Help everyone get used to using the software faster:
Not everyone is quick to accept and use new technologies introduced into the workplace, no matter how valuable they may be.
A formal user training program can educate your employees on the benefits of a CMMS program. In addition, they can experience concretely how the use of the software can help streamline work and improve processes. Because of this, they will be more open to accepting this new technology.
If your employees understand the value of the program, they will work hard to understand it so they can use it properly.
Let all users understand the functions of the program:
CMMS programs have a variety of features and tools that many new users find difficult to use or even impossible to find. If your team has used a different system before, this can present a doubly challenging situation.
If your team is trained before fully implementing the software, make sure they fully understand the interface and various tools before starting to use it.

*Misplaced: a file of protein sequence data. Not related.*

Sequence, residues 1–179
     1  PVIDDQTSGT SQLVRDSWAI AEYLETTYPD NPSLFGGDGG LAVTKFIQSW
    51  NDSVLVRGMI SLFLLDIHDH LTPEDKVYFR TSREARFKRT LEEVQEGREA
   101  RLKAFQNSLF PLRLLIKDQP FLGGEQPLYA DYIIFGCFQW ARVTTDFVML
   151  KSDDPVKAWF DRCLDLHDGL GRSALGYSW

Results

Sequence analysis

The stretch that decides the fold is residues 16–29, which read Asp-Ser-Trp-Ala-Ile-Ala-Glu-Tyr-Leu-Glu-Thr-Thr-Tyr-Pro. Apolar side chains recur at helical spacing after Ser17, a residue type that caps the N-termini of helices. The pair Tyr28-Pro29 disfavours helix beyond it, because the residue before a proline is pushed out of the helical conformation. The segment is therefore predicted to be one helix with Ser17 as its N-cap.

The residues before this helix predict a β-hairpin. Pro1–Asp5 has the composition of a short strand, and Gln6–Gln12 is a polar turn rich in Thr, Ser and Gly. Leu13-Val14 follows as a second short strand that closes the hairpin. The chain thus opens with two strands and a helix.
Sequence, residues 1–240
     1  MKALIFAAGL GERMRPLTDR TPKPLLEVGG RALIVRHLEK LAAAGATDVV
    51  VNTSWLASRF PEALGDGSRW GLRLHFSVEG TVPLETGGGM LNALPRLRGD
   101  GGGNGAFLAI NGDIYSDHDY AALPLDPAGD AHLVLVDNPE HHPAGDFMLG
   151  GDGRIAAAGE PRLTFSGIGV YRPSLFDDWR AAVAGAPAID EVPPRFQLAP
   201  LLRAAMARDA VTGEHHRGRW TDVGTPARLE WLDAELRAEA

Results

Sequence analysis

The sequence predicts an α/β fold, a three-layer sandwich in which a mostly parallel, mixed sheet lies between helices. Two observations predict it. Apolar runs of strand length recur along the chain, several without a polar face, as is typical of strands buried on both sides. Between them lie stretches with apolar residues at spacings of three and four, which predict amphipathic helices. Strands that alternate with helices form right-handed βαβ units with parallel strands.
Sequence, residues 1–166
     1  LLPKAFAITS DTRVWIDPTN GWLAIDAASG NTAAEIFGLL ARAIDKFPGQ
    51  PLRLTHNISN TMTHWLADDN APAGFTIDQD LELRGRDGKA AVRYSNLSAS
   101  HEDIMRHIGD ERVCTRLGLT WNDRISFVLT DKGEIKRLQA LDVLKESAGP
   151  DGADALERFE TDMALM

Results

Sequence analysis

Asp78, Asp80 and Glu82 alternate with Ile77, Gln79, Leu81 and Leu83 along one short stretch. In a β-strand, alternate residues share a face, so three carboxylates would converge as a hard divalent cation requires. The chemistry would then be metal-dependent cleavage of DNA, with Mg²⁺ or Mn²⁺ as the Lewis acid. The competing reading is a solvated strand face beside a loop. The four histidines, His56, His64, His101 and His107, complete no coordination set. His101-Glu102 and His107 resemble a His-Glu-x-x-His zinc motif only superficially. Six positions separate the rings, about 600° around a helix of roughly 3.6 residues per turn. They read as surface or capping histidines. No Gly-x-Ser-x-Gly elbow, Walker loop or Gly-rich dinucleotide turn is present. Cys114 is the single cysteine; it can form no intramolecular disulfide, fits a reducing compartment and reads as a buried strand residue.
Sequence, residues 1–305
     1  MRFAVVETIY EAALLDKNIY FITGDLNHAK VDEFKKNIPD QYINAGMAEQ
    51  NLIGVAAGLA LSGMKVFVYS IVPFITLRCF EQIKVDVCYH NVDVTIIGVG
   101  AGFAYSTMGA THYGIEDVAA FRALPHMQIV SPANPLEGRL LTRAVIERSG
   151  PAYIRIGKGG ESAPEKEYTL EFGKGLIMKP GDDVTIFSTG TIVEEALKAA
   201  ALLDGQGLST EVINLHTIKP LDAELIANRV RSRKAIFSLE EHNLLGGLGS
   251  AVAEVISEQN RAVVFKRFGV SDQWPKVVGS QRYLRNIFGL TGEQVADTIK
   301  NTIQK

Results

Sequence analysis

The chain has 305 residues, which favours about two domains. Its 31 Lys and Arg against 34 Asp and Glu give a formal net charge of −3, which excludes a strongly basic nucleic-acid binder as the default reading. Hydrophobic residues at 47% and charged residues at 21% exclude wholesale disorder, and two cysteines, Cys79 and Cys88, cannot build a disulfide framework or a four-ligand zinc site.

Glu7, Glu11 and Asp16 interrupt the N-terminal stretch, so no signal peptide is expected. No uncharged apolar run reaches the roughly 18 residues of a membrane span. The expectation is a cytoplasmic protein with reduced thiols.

From creating and managing work orders, maintenance schedules, and reports to organizing assets, your employees will know how to do it all after completing the introductory course.
With adequate training, your team will be fully prepared to use the software. You’ll feel safer and less stressed when using it.
Easier to use consistently:
Another benefit of providing CMMS readiness training for your employees is that you can ensure that everyone is on the same page when it comes to using the CMMS. If you let your team research and use the program themselves, they may develop specific procedures or techniques for using it. These methods can lead to errors that affect important data and, in turn, various operations.